Modern Education

Dec 31, 2005



LocationRudrapur, Bangladesh
End User168 students
ClientModern Education and Training Institute
Implementing PartnersDipshikha Bangladesh project in partnership with Shanti Bangladesch e.V. and the Carol Singers Campaign
Design TeamAnna Heringer, Eike Roswag
Additional ConsultantsClemens Bernhardt, Michael Bitto, Stefanie Haider, Emmanuel Heringer, Kurt Hörbst (photographer), Christine Karl, Christiane Liebert, Ursula Nikodem-Edlinger-Holzinger, Cornelia Reithofer, Veronika Reithofer, Dipl. Ing. Uwe Seiler, Dr. Ing. Christof Ziegert
Major FundersCarole Singers Campaign, Partnerschaft Shanti-Bangladesh e.V
Cost€25 000/$35 905 USD
Area325 sq m/3611 sq ft
Recognition2007 Aga Khan Award for Architecture; 2009 Curry Stone Design Prize

Bamboo shaders allow ventilation and shade. Photo: Kurt Horbst

“I think it is a basic right of the people to know how to build with what they find under their feet.”

—Emmanuel Heringer

The Modern Education and Training Institute in population-dense Bangladesh has garnered international acclaim for its mud and bamboo design. With developing educational opportunities and advancing communities in mind, sustainable development organization Dipshikha sought to create the school, which was built from September 2005 to December of 2005. Architects Anna Heringer and Eike Roswag volunteered to design the building in rural Rudrapur, Bangladesh, using natural materials.

The region’s traditional construction methods include structural bamboo frames lashed with jute ropes, earth walls and foundations, and straw roofs. However, some school officials and area residents were concerned about using earthen material for a structure of the institute’s scale, according to the design team. They were eventually persuaded by virtue of mud’s cost effectiveness as a natural resource. Involving locals in the building process helped promote it as a viable material. The collaboration instilled in them a sense of connection to the building and fostered an appreciation for its aesthetics.

Heringer, who spent a year volunteering with Dipshikha prior to architecture school, returned to the organization for her diploma research project with three colleagues. After Heringer was appointed project architect in 2004, she enlisted the help of local builders, parents, teachers and students. The school was a community-based project from start to finish.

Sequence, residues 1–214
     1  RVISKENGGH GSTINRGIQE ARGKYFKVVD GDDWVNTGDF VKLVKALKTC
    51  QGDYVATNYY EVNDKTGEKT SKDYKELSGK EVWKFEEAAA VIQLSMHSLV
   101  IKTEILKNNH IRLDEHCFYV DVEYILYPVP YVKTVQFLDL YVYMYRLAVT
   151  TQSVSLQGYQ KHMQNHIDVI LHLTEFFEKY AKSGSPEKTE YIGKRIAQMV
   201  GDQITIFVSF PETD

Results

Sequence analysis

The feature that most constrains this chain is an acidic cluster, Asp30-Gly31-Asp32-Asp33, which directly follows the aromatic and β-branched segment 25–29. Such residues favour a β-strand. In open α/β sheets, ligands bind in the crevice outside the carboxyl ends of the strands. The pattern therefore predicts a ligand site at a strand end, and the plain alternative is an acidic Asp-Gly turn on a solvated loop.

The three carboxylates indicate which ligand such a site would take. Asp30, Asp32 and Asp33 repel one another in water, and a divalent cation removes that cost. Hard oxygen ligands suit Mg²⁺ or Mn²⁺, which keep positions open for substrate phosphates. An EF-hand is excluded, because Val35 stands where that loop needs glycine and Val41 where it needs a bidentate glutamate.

Bamboo poles were layered and bound to create the frame, floors and ceilings of the two-story structure. The joints were fixed with steel pins and nylon lashing. The 1.6-meter thick earthen walls, punched with circular cutouts and tunnels that the children play, in also control the interior temp- erature. Vertical shutters shade wall openings and allow for natural daylight and ventilation. A vertical vegetable garden twists along the facade, further cooling the building and protecting exterior walls from erosion, and decorative touches include colorful saris doubling as window and ceiling coverings.

Cloth curtains add color to the building. Photo: Kurt Horbst

The building process utilized a method known as cob walling, a traditional technique in which wet earth is layered, allowed to dry, and then trimmed to form a wall. The team improved the method to increase stability, adding a brick foundation and placing straw lengthwise and widthwise in the earth mixture. The modifications were taught to local craftsmen during construction so they can be replicated.

The school was awarded the 2007 Aga Khan Award for Architecture and the 2009 Curry Stone Design Prize. “People are becoming interested now in finding their own solutions, not just copying the West,” Heringer says. “I think it is a basic right of the people to know how to build with what they find under their feet.”

Holes in the thick mud walls serve seats and play areas. Photo: Kurt Horbst


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